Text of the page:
Tech Briefs

Research project is designed to map small unmanned aerial vehicle (sUAV) effects space, empirically and by simulation, as a function of high power microwave (HPM) waveform to develop effective countermeasures.

The OSPRES (ONR Short Pulse Research, Evaluation and non-SWaP) program performed fundamental work in the areas of Silicon (Si) and Gallium Nitride (GaN) based photoconductive switch development, measurement of HPM waveform dependent effects on small unmanned aerial vehicle (sUAV), adaptive design of experiments, noise injection, RF coupling to sUAV's, minimally dispersive wave theory, and positive feedback non-linear transmission line (NLTL) development.

Notable achievements and progress of OSPRES program by quarter.

The photoconductive solid state switch (PCSS) subgroup worked to develop a fundamental understanding of the limitations of Silicon and Gallium Nitride based photoconductive switches and their application to pulsed power. With an estimated 2 megawatts (MW) peak power generation (benchtop equivalent), the Si-PCSS subgroup has succeeded in achieving one-third of the peak power required for an individual element in the envisioned phased array required to meet mission needs.

Si-PCSSs have been integrated with a rapid charge capacitor system and pulse forming transmission lines for pulse testing. Si-PCSS hold-off voltage has been pushed to >6 kV with 3 kV output pulse moving closer to the project goal of 10 kV hold-off. Currently, thermal mitigation issues are the primary issue plaguing the Si- PCSS group. Cooling system designs are changing weekly and progressively moving towards a goal of 500 W/cm2 cooling capacity.

The University of Missouri – Kansas City's (UMKC's) effects team has developed a custom UAV model for RF effects testing, written code for the automation of testing, and researched the areas of an adaptive design of experiments (DoE) and noise injection. The adaptive DoE was developed to refine/inform optimum source parameters that will result in known effects on sUAV's and further inform the requirements for a tunable HPM system with control over the policy desired levels-of-lethality. The effects team has also traveled to multiple test locations performing over 1300 effects tests with the custom UAV.

UMKC's GaN:C simulations/modeling subgroup has made progress in optimizing GaN:C for a high power, high repetition rate solid state switch. They have computed electronic structure properties of GaN:C including the optical and symmetric band structure of GaN:C, and obtained the software to perform GaN-PCSS device level calculations to model optical absorption, hold-off voltage, and thermal dissipation relevant to determining the optimum design of a GaN:C based PCSS.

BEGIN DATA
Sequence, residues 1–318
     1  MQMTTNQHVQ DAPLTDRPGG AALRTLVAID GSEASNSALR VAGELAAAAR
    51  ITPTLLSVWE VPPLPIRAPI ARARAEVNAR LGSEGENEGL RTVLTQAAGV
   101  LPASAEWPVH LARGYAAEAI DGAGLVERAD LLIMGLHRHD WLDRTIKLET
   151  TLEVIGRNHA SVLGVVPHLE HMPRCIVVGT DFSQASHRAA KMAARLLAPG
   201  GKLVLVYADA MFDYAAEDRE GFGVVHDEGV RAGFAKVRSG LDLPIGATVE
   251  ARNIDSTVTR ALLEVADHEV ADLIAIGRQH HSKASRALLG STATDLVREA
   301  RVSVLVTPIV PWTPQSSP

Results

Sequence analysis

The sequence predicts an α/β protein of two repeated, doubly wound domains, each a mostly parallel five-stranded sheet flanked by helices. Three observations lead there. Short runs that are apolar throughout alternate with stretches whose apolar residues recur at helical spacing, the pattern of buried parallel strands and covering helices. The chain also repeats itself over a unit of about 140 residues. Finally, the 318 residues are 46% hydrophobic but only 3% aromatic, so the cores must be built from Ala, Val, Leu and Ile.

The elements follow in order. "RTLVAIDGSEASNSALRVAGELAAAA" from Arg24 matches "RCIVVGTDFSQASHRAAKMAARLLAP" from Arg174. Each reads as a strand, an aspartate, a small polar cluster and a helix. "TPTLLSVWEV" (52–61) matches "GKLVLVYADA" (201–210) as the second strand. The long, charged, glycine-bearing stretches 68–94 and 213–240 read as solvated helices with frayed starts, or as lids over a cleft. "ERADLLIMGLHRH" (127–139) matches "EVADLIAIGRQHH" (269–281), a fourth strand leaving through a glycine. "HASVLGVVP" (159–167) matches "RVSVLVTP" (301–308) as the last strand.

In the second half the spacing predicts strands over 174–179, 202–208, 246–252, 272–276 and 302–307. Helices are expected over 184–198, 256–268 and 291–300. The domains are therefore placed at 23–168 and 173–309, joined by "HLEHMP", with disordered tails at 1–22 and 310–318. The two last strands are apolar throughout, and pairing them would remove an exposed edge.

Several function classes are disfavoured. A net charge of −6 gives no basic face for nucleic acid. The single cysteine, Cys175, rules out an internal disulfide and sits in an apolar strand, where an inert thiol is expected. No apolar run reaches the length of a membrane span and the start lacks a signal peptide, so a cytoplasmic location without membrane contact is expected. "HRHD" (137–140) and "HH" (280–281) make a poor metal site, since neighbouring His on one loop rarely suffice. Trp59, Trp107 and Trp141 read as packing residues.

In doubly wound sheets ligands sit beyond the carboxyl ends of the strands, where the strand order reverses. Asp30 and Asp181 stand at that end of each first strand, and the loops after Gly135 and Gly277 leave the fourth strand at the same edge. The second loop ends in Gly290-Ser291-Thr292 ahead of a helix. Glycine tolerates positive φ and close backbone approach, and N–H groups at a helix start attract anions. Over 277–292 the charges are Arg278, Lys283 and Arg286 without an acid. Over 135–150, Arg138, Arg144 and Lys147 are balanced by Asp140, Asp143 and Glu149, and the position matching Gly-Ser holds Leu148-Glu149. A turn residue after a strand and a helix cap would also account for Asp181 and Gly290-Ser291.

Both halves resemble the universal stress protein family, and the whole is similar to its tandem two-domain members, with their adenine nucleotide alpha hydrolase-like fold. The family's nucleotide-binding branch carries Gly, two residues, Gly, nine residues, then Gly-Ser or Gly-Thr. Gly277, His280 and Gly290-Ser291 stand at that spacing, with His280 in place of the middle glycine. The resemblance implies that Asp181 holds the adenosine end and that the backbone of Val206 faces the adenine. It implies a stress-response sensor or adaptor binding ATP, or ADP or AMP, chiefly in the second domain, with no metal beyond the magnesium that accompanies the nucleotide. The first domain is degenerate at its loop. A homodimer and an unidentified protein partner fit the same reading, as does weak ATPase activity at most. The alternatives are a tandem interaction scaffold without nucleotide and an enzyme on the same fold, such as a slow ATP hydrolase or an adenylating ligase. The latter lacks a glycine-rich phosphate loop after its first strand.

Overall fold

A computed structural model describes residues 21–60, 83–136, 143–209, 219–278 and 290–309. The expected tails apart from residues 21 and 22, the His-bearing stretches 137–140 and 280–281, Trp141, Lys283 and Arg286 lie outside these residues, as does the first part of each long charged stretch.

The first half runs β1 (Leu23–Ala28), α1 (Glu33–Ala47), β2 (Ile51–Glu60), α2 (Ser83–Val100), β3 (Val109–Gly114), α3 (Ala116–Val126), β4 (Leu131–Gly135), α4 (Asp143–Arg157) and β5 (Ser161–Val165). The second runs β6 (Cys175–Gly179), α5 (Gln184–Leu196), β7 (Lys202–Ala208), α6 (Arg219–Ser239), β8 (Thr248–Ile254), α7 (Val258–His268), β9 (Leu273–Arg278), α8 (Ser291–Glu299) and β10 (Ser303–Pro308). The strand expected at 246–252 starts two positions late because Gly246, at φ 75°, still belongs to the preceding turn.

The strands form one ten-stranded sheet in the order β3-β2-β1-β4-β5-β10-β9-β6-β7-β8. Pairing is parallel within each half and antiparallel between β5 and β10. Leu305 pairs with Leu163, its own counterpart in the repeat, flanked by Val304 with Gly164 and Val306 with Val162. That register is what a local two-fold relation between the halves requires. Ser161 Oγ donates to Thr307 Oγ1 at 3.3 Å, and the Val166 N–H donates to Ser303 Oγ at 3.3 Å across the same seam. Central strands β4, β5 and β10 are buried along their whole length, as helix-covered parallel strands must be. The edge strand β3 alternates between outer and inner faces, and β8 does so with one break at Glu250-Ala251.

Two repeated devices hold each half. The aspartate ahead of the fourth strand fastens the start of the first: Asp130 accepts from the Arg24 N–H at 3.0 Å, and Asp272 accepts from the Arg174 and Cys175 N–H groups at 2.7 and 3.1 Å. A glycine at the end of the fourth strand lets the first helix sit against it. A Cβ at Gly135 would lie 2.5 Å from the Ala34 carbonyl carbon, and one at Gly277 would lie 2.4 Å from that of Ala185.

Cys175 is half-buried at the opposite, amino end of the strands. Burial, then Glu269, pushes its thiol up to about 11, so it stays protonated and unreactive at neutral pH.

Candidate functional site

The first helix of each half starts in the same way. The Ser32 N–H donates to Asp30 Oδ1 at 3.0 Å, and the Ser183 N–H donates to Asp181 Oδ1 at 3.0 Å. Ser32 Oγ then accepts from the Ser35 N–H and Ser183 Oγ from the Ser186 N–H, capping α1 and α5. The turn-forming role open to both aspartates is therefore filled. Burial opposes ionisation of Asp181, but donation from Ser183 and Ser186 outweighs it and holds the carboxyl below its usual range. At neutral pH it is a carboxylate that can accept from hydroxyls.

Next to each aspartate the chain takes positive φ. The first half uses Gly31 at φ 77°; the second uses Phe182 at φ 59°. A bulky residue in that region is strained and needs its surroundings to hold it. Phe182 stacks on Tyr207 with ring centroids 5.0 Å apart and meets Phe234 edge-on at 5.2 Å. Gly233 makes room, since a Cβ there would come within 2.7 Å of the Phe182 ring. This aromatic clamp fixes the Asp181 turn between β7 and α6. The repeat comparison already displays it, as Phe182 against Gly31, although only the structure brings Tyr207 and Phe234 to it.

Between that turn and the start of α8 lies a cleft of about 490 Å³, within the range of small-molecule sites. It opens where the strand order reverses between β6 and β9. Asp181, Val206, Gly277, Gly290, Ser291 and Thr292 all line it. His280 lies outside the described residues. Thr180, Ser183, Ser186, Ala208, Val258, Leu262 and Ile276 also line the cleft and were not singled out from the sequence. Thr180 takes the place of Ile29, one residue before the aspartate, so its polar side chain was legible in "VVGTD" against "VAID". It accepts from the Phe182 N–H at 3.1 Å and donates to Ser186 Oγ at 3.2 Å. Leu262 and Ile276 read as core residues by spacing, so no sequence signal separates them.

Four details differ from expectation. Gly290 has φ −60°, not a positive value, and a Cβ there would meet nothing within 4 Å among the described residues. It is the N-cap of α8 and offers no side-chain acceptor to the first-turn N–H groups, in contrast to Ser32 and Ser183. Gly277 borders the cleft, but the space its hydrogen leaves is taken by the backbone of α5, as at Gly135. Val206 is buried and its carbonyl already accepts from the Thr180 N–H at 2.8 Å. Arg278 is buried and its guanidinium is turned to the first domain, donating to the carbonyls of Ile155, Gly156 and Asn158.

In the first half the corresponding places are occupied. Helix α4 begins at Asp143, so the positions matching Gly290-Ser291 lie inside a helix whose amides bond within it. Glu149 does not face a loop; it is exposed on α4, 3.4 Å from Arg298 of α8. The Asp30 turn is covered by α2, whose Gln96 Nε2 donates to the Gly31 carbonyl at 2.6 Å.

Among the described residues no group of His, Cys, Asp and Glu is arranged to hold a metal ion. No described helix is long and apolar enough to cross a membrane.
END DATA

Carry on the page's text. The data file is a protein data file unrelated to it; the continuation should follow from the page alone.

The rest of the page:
The RF coupling subgroup used Characteristic Mode Analysis (CMA) to computationally quantify electromagnetic coupling and interference to UAV frames over the L-band and Sband and validated CMA coupling predictions using experimental measurements. The RF coupling group also reviewed the most common sUAV shapes, sizes, material compositions, and electronics commercially available and developed a table of occurrences and frequency in sUAVs.

The Positive Feedback NLTL group has developed a positive feedback power amplifier coupled with a nonlinear transmission line generating ones-of-kW power RF pulses in a closed-loop network coupled with a 9-section 1200 V rated Schottky diode NLTL. Several closed-loop experiments at low voltage level within a frequency range of 5 to 70-MHz have been performed and continuous RF signal outputs with positive gain at different stages of the NLTL have been performed.

Preliminary results of the Focused Wave Mode (FWM) group suggest that EM pulses with smaller rise times can effectively launch electromagnetic waves whose time-average power density shows minimal spatial decay contrary to the standard 1/r2 decay of EM waves. The group designed and simulated low-profile, ultra-wideband micro-strip patch antennas to demonstrate the potential of launching low dispersion EM waves with results demonstrating the feasibility of short EM pulses for c-sUAV ranges relevant to the project.

This work was done by E.R. Myers, T. Fields, J.A. Crow, D. Chatterjee, P. Rulis, P. Doynov, A. Hassan, J. Lancaster, F. Khan, J. Verzella, J. Beaudin, L. Moler and A.N. Caruso of the University of Missouri – Kansas City for the Naval Research Laboratory.

This Brief includes a Technical Support Package (TSP).

ONR Short Pulse Research, Evaluation and non-SWaP Demonstration for C-sUAV Study (reference NRL-0075) is currently available for download from the TSP library.

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